Letters to the Editor: November 27, 2013

There are cer­tainly big­ger is­sues at hand

Dis­agree­ment over the rights of same-sex ori­ented people con­tin­ues to dom­in­ate the news. Along with the right to marry, dis­crim­in­a­tion with re­gard to hir­ing is now be­ing dis­cussed in Con­gress. 

All  this stems from the re­li­gious rul­ings of a bronze age desert tribe 3,000 years ago. Re­li­gious be­liefs are just that: be­liefs. 

Same-sex ori­ented people will in­sist that  they were born that way and could no more be changed than het­ero­sexu­al people be con­vinced to be­come ho­mo­sexu­al.  

I have read of people be­ing up­set that a box of crack­ers has a sym­bol that sig­ni­fies that the com­pos­i­tion and pre­par­a­tion meet kosh­er stand­ards. If a group of people will not eat shell­fish or pork it should not be a con­cern to oth­ers. 

There must have been  at least two-dozen teach­ers over my 33-year teach­ing ca­reer who were same-sex ori­ented. It was not a mat­ter of dis­cus­sion in the classroom nor did it af­fect the cur­riculum. 

Why does this mat­ter cause people to toss and turn sleep­less through the night? There are far more press­ing prob­lems fa­cing the world.

Mel Flit­ter


Un­fair treat­ment at North­east lib­rar­ies

Last week, after us­ing the lib­rary com­puters, I re­ques­ted the de­canter of soap be­hind the check­out counter so I could cleanse my hands of germs.  I was told that the “soap was for em­ploy­ees only.”

There has been a pat­tern of no soap avail­able in rest rooms across North­east Phil­adelphia lib­rar­ies.  

I have ex­per­i­enced sim­il­ar events at the Somer­ton lib­rary and North­east Re­gion­al as well.

When there is soap, it is of­ten a “grimy-slimy de­crep­it” bar that ap­pears it has been there since JFK’s time and would spread mul­tiple vir­uses.

I think the lib­rar­ies re­ceive ad­equate fund­ing to sup­ply pat­rons with hy­gien­ic soap in a con­tained dis­penser. 

Some lib­rar­i­ans have been po­lite, and have told me that they do this be­cause some people steal the soap.  

When I faced em­ploy­ment chal­lenges in the past, my boss used to say, “Deal with it.”

Free Lib­rary of Phil­adelphia, “Deal with it.” Every cit­izen should be en­titled to soap.

Myles Gor­don


Some words in de­fense of Obama­care

I just re­ceived a let­ter from BC/BS, which reads that my health in­sur­ance for 2014 will go up and amaz­ing $4.10. Yes, that is four dol­lars and ten cents per month. That comes to $49.20 for the year. I might have to go bank­rupt. 

Oh woe is me, gosh darn Obama­care is do­ing me in. Whatever shall I do? I wish my oth­er monthly bills would only go up by that little. 

Pres­id­ent Obama, walked in­to the biggest mess this coun­try has been in since the Great De­pres­sion, and this Tea Party con­gress has done noth­ing to help him. They only try to make him look bad. What will hap­pen when Hil­lary gets in, since aside from hat­ing a half white man, they also hate wo­men! I’m count­ing my pen­nies.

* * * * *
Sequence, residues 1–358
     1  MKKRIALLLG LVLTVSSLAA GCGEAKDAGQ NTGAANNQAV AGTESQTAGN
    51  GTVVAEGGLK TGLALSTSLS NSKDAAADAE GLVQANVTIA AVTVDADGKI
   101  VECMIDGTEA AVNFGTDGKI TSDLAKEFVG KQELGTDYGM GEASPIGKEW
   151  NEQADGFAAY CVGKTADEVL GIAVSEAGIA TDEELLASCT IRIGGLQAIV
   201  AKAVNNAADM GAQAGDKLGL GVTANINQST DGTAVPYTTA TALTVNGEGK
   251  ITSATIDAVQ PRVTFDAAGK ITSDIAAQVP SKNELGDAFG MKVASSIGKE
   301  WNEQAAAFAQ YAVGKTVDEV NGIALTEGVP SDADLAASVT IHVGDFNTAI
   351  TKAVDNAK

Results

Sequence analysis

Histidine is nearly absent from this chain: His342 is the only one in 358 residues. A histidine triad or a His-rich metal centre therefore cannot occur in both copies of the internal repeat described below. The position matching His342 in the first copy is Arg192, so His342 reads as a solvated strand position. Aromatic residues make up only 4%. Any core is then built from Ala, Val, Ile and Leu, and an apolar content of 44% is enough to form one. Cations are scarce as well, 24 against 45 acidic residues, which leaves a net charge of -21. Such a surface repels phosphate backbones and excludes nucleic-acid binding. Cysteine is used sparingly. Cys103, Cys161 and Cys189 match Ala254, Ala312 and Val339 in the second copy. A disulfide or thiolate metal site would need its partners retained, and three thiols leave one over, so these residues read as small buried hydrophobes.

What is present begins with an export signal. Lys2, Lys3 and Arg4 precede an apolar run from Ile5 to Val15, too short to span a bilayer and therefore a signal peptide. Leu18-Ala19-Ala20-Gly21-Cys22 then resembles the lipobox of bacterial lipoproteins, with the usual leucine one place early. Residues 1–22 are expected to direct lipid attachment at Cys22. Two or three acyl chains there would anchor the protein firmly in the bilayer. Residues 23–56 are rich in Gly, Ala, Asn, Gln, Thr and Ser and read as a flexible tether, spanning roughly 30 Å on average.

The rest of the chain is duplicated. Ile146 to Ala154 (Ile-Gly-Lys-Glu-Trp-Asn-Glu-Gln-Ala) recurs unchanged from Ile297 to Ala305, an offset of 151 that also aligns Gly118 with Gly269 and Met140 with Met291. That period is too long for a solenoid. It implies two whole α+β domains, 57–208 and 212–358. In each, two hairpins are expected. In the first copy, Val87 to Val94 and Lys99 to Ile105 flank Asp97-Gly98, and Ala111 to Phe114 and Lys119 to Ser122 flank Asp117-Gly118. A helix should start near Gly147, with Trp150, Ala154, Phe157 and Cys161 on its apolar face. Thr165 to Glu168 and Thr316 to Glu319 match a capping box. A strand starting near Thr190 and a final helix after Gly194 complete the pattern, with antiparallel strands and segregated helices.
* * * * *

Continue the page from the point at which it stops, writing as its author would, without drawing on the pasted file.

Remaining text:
Len Sa­linis Jr.


Fact­ory should stay

I was shocked to read of yet an­oth­er large cor­por­a­tion mov­ing on and out of the North­east. They are will­ing to spend $100 mil­lion to ex­pand, but why else­where? They pro­duce so many products, yet ovens are un­der­u­til­ized here? 

Our res­id­ents need these jobs. The trans­port­a­tion is good and taxes go in­to the area. There is a large area at Budd Com­pany if they need to ex­pand. I am not af­fil­i­ated in any way [with the former Kraft com­pany], but if they leave the North­east, I will buy oth­er brands, and I hope oth­ers will fol­low suit. 

Lets be sup­port­ive of the com­pany stay­ing. 

Helene Abey

Fox Chase/Burholme

Sup­port ef­fort for healthy air

The World Health Or­gan­iz­a­tion re­cently labeled out­door air pol­lu­tion as car­ci­no­gen­ic, thereby con­firm­ing something I’ve al­ways be­lieved… air pol­lu­tion con­trib­utes to lung dis­ease. Now as I watch my chil­dren play out­side, I have to won­der… How clean is the air they are breath­ing?  And, as scary as it is, I’m afraid I know the an­swer… not very. 

Some particle mat­ter, like pol­len, is a nat­ur­al part of the air we breathe. But oth­er particle mat­ter, such as that caused by in­dus­tri­al burn­ing, is any­thing but nat­ur­al. It pois­ons our air. Emis­sions from mo­tor vehicles, factor­ies and power gen­er­a­tion plants pol­lute our air. 

I real­ize that clean­ing our air is a mo­nu­ment­al task. Large num­bers of com­mit­ted people must work tire­lessly to ad­voc­ate for tight­er re­stric­tions on air pol­lu­tion. I also know that do­ing so is crit­ic­al for our health. We shouldn’t have to worry that we are put­ting our chil­dren’s lungs at risk when we al­low them to play out­side.

So as a moth­er and a daugh­ter and a per­son who cares about this com­munity, I ask you to con­sider sup­port­ing The Amer­ic­an Lung As­so­ci­ation in its fight for healthy air.  We all have lungs, and we all have the right to fill them with clean, car­ci­no­gen-free air.

Hil­lary Spru­ance

Ken­nett Square

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